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A-Z of the Mass: 'N'

Thursday, August 19, 2010
There are a number of places in the rite of the Mass where the designations 'N', or 'N and N', appear. This is to indicate that certain individuals should, or may, be named at these places. The ones who should be named are the Pope and the Bishop in whose diocese the Eucharist is being celebrated. Thus in the second Eucharistic Prayer we say:
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A-Z of the Mass: Memorial

Monday, August 16, 2010
'Do this in memory of me'

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A to Z of the Mass - Language

Thursday, August 12, 2010
Clearly, language plays an important part in the celebration of the Eucharist: after all, we say that it is the words spoken by the priest (its ‘form’) over the bread and wine (its 'matter') that effect the sacrament in which Christ is really present under the appearances of that bread and wine. But how do we dare claim such power for these words, elements of human language? And why these words in particular? And what about the rest of the liturgical rite of the Mass, also composed of various texts? After all, is God not beyond language, limited as it is by the boundaries of the human mind? How can any prayer we say, with any form of words, be worthy of any response from God, let alone the gift of the Body and Blood of Christ which He gives us in the Eucharist? Read more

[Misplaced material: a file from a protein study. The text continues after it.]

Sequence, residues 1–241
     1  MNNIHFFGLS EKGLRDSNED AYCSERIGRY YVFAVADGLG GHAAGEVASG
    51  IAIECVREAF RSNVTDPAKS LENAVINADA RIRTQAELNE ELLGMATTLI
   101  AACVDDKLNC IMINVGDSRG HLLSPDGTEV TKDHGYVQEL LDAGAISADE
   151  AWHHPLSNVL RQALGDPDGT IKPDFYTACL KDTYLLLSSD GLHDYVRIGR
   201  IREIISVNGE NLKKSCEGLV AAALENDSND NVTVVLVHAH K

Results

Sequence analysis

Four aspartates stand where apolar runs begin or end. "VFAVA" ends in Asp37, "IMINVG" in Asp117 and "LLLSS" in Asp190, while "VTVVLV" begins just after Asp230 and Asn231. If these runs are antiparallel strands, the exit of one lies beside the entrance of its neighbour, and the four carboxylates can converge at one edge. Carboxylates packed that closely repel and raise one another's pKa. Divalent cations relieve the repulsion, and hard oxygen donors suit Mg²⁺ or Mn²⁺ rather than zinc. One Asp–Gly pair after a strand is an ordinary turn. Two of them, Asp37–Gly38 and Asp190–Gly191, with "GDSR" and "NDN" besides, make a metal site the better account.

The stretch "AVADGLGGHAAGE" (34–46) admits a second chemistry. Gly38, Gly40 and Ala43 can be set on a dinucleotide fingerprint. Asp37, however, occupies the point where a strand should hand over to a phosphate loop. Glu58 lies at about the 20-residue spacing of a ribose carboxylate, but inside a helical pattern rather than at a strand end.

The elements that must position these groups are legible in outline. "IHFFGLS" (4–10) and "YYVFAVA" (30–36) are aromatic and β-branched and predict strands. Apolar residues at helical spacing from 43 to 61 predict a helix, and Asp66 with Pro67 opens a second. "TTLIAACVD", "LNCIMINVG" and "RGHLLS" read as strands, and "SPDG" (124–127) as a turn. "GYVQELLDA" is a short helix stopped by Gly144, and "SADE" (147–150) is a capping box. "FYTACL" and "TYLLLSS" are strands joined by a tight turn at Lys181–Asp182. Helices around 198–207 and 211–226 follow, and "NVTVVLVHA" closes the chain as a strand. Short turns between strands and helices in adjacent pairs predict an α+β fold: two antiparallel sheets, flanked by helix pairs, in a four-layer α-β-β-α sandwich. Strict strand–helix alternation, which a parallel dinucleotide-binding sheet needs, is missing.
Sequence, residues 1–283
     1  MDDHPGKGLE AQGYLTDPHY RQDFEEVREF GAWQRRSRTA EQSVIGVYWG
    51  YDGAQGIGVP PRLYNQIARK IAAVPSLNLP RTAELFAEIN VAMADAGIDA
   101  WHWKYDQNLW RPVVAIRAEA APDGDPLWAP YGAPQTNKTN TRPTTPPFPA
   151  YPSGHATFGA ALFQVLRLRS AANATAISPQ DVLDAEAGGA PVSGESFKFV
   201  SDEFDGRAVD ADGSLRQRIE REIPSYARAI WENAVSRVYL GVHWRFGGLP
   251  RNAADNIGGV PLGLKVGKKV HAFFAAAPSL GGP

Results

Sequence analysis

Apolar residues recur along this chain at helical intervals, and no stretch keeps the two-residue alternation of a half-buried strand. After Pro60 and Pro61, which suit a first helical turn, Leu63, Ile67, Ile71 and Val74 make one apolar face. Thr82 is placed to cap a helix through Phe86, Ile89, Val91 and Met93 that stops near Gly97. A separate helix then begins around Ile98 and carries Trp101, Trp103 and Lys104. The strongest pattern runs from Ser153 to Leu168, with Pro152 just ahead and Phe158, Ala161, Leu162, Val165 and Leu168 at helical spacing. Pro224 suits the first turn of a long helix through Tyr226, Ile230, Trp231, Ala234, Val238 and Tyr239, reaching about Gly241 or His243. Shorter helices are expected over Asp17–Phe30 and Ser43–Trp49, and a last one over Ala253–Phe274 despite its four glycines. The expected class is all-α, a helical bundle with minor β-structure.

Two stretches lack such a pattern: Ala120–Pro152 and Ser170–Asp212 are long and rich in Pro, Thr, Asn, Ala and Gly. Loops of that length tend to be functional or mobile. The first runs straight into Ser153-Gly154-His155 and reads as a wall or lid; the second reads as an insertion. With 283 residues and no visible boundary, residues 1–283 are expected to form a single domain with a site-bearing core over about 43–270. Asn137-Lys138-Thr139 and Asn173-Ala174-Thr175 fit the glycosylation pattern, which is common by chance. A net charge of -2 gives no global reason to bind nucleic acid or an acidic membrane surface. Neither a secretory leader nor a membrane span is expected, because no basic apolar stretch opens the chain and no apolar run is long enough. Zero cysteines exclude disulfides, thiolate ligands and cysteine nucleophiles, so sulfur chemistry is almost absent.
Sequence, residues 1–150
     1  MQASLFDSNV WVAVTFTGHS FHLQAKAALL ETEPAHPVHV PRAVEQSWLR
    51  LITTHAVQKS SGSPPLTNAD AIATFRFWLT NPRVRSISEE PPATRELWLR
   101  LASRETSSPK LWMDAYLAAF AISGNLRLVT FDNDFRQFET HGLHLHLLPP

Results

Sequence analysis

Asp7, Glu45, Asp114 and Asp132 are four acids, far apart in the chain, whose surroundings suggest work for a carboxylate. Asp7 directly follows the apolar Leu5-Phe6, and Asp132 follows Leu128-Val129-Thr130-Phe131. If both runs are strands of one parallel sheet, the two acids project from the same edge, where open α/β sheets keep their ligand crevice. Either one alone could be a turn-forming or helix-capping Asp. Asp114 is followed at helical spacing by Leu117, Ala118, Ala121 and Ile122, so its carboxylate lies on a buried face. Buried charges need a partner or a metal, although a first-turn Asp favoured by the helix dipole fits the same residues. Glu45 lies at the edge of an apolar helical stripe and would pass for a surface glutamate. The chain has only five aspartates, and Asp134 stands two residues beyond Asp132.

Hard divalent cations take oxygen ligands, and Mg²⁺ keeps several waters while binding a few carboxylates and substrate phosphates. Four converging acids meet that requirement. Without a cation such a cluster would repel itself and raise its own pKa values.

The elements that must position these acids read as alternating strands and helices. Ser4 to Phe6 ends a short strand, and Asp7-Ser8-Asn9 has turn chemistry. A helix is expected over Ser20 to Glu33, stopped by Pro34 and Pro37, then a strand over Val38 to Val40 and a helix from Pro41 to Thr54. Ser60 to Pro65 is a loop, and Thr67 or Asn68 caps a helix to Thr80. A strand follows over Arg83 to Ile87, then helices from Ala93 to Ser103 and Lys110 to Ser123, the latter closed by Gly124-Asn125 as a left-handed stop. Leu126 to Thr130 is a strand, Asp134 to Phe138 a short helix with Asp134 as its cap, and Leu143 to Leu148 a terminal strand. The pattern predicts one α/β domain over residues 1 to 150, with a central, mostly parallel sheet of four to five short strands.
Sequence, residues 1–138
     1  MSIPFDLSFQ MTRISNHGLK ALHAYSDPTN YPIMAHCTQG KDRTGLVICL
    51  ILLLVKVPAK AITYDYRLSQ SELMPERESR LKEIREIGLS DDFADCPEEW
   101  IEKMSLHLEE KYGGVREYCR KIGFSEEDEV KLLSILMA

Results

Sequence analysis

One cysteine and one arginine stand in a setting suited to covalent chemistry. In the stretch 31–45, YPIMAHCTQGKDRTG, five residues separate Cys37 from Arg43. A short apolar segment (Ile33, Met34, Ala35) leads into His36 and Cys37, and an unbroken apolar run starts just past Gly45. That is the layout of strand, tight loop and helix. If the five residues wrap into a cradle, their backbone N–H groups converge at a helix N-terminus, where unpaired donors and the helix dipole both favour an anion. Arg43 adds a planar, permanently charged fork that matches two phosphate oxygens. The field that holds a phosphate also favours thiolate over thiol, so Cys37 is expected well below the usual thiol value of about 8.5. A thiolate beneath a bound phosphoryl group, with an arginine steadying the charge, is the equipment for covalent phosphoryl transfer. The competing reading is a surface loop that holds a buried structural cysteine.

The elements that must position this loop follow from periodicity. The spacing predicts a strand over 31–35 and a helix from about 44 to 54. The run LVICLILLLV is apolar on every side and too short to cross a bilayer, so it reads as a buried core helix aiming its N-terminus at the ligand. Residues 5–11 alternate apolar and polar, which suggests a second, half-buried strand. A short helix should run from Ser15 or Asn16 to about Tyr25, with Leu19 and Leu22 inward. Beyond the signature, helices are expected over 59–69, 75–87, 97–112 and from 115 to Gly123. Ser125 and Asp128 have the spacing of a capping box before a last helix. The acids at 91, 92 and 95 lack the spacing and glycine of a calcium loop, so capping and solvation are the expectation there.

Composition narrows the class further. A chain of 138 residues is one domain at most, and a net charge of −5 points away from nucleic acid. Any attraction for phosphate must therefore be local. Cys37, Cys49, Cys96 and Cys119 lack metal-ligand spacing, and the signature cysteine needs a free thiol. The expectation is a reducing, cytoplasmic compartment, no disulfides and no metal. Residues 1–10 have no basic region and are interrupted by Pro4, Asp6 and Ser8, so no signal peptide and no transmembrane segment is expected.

A-Z of the Mass: Kneeling

Monday, August 09, 2010
Kneeling at Mass can be a controversial and divisive issue among liturgists and I have no intention of wading into the debate. However I think that kneeling and all our liturgical postures contain deep meaning and significance. First, kneeling is not something that we normally do in day to day life. When we kneel we are physically demonstrating that what happens at the Mass is sacred and different from the rest of our daily lives. Furthermore kneeling is a sign of adoration and reverence.